We have had a good crop of young birds this year.
I watched my cardinal flying through downpours to feed his first chick, and now he's caring for the second brood.
The first chick is a male.
I see him around trying out this "living on his own" thing.
I hear him trying out his turf call.
He's quiet about it, and he doesn't know the whole tune yet.
The blue jays likewise flashed around caring for their first.
I've seen him, pale and crestless, on my fence.
I've heard him trying out his "hawk" call.
Like most blue jays, he does it when there's no hawk around.
Then he loses himself in the role and keeps it up long after we all stop paying attention.
Wrennie's chick perches in my euonymus.
He doesn't have the adult repertoire of half a dozen calls.
The ones he does know, he's very tentative about.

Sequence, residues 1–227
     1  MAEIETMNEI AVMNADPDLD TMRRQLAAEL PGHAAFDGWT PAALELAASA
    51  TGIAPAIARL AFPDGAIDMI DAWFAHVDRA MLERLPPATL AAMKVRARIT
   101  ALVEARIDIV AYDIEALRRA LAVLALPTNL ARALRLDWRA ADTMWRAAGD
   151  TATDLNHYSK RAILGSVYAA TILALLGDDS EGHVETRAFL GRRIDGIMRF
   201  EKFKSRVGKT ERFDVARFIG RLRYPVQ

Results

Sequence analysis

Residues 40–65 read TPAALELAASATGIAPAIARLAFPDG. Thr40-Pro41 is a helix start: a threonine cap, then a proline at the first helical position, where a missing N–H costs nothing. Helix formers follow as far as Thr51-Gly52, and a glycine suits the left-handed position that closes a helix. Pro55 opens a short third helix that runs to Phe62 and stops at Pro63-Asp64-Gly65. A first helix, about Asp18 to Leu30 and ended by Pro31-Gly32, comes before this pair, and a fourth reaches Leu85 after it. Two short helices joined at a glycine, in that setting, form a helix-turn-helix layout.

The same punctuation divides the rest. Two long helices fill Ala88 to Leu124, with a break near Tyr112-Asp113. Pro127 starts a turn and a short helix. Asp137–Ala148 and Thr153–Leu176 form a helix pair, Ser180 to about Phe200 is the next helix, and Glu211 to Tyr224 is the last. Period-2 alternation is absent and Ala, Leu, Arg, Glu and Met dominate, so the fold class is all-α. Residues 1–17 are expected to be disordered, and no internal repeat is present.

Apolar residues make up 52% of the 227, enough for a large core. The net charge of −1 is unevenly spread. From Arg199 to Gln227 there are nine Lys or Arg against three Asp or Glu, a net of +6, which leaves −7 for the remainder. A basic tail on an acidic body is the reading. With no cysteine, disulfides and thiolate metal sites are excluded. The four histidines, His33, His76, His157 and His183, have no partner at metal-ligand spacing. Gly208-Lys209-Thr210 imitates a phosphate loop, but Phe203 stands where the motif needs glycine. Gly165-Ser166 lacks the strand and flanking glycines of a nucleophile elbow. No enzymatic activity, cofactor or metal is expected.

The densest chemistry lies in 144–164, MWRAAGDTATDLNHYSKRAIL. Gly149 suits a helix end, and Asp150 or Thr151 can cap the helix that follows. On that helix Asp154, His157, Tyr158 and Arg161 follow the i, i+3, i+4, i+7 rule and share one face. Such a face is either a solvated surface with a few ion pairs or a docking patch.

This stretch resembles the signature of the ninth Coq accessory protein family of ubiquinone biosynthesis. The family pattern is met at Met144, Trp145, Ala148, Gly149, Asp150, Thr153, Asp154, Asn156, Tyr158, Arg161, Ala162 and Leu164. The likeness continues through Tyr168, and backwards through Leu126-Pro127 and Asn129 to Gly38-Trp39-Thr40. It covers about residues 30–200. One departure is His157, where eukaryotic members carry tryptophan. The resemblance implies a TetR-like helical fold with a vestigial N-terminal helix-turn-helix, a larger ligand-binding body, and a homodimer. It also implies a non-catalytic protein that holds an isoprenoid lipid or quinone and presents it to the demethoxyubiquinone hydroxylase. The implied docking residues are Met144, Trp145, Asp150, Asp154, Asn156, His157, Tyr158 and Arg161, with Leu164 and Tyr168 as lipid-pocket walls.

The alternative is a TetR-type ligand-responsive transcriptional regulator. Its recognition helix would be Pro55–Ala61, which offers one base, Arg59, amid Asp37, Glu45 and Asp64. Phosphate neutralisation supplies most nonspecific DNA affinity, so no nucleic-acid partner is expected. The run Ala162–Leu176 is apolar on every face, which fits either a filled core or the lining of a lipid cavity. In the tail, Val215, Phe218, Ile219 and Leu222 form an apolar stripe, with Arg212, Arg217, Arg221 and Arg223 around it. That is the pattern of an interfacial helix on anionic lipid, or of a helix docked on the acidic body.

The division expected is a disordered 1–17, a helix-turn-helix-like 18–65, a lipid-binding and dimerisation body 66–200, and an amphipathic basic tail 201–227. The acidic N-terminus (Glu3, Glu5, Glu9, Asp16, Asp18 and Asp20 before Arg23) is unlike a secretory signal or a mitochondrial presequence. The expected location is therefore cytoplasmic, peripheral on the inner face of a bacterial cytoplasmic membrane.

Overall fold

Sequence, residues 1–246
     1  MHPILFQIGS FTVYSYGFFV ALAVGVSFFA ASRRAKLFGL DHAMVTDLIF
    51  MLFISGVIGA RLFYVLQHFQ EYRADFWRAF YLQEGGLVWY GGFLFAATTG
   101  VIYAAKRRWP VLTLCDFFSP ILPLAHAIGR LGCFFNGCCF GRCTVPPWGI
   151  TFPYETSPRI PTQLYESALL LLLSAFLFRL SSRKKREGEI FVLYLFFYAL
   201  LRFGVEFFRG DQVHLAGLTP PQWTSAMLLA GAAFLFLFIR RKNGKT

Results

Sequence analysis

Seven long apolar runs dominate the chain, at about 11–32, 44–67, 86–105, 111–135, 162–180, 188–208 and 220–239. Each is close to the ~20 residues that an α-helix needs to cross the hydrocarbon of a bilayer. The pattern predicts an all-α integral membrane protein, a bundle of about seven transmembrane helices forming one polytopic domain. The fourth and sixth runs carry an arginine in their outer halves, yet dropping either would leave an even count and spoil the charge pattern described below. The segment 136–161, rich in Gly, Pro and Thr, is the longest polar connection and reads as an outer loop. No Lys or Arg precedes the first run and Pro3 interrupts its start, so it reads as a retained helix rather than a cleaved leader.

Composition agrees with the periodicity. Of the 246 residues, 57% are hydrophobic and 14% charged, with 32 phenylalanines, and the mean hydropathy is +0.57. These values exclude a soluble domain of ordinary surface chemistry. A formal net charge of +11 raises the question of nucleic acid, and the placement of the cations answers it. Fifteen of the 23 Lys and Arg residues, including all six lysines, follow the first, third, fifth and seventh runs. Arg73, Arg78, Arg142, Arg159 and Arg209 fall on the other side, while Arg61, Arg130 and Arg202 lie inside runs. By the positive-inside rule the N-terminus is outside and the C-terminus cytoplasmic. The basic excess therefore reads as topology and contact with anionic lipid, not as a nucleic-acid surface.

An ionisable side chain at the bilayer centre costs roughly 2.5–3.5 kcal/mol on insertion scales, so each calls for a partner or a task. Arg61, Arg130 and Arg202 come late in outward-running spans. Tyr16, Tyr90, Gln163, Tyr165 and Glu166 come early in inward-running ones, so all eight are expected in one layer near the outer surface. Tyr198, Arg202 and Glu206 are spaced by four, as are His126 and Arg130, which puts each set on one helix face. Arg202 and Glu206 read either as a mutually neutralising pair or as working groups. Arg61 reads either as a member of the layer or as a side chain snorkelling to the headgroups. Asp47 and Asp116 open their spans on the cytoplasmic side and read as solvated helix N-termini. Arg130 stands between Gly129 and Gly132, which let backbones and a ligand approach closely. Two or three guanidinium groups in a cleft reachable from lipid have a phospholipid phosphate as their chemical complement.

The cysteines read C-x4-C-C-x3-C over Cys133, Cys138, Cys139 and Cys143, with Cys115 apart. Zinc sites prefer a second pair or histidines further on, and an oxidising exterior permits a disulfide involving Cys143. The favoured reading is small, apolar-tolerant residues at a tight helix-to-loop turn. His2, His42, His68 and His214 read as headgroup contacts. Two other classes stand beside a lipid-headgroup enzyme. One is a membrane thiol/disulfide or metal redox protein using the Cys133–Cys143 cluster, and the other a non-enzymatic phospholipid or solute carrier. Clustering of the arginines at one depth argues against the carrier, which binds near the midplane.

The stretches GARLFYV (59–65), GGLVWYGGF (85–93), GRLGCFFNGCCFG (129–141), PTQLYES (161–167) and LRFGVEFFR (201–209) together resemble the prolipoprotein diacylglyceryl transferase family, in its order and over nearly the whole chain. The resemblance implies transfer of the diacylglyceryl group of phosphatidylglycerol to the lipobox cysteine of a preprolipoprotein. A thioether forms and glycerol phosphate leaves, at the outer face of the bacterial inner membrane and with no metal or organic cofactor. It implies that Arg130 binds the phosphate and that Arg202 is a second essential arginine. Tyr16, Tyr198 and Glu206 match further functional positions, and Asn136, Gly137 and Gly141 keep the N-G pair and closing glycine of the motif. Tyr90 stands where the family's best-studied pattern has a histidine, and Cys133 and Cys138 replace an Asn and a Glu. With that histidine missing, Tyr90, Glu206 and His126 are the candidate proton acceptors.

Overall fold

Flickerjee's first chick showed up learning flight from his dad.
He has already started chattering, but only for short stretches.
A young blackbird keeps showing up at my birdbath.
Blackbird parents show their growing young how to splash in the bath.
He hasn't quite understood what it's all about yet,
especially the part about ducking his head under the water.
Half the summer is still left and barring a disaster, we'll have another crop of young birds trying their wings and their calls before it turns cold.
Speaking of bird calls, I have started believing that folklore about blue jays screaming before a storm.
They tend to do it a day or two before the storm hits.
Saturday we had woodpeckers whinnying all morning from various places, one in my own back yard.
The folklore is, woodpeckers calling or drumming is a sign of a bad storm on the way.
Well, by 5:30 the sky had turned black and the wind came up, we got thunder and finally some rain.
It wasn't bad considering I lived through Hurricane Isabel in this same house.
But gusts of wind coming through the open back door blew down a wall quilt.
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